The program reflected director Paul Byrne’s belief that "immersing ourselves in film can make us more human, more tolerant, somehow bigger." This was particularly evident in the Cinema Africa programs, presented by Cameron Bailey, founder of the Toronto Festival’s Planet Africa section.

Nadia Fares' Honey and Ashes

An intriguing example was When the Stars Meet the Sea, (France/Madagascar), by Raymond Rajaonarivelo. It uses only indigenous Madagascans as actors, and, because there is no local film industry, involved flying in six tons of equipment. The story, based on a local myth, concerns a boy who, because he was born at the time of an eclipse, must endure a night alone among the cattle. He survives, and later searches for an explanation for his uncanny powers to control natural forces. The atmosphere and intense beauty of the images as we move between city and country are overawing.

Honey & Ashes (Switzerland/Tunisia) directed by Nadia Fares is strikingly feminist, particularly considering its Arab origin. It concerns three women in contemporary Tunisia whose lives intermingle as they attempt to resist traditional family restrictions and physical abuse. Like several of the African films, Honey & Ashes deals convincingly with the impact of Western culture on more conservative societies.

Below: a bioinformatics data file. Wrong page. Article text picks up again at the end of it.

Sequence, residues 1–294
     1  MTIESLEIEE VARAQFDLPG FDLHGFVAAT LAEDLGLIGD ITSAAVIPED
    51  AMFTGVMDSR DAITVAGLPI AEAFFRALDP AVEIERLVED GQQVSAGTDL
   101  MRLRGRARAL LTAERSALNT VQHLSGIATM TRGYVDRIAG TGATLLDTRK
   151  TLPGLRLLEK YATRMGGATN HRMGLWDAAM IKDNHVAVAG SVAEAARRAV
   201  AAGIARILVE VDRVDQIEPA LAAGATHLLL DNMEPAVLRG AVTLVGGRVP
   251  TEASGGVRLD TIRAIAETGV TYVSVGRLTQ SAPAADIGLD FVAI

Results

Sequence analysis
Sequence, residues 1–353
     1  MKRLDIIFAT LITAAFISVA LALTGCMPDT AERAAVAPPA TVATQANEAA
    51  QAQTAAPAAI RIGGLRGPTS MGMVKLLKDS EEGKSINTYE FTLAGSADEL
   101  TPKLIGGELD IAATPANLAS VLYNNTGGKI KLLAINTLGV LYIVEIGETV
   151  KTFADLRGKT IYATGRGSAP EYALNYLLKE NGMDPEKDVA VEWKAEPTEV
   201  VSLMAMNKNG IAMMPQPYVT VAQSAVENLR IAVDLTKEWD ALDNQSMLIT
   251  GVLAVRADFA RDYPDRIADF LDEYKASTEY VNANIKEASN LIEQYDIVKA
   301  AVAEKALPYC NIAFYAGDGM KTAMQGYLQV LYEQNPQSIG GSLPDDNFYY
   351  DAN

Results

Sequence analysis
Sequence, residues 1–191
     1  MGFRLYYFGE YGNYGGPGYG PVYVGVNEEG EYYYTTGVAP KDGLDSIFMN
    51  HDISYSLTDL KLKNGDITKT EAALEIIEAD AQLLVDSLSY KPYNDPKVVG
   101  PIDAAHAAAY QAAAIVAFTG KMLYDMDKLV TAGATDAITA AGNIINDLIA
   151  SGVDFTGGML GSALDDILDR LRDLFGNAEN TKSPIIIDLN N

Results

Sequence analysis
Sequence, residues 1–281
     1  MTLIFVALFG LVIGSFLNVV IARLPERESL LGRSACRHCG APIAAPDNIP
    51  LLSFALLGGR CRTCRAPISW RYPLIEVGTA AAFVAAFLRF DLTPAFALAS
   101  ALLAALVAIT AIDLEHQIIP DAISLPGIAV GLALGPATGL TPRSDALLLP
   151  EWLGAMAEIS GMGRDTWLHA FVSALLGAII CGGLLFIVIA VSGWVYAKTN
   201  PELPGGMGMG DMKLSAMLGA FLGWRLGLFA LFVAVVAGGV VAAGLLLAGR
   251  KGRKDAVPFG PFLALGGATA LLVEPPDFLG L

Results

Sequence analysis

Equally challenging, from the point of view of working under almost impossible conditions, is The Perfect Circle, (Bosnia/France) shot in Sarajevo by Ademir Kenovic, just after the killing stopped. The story concerns a poet, Hamza, who, like many others in the besieged city, has lost his desire to live. Consequently, he refuses his chance to escape to Western Europe with his wife and daughter. However, his indifference is jolted alive when two orphaned boys take refuge in his apartment and he decides to help them find their aunt. The film, in fact, is largely about random acts of kindness taking place under conditions of near starvation, freezing cold and imminent death.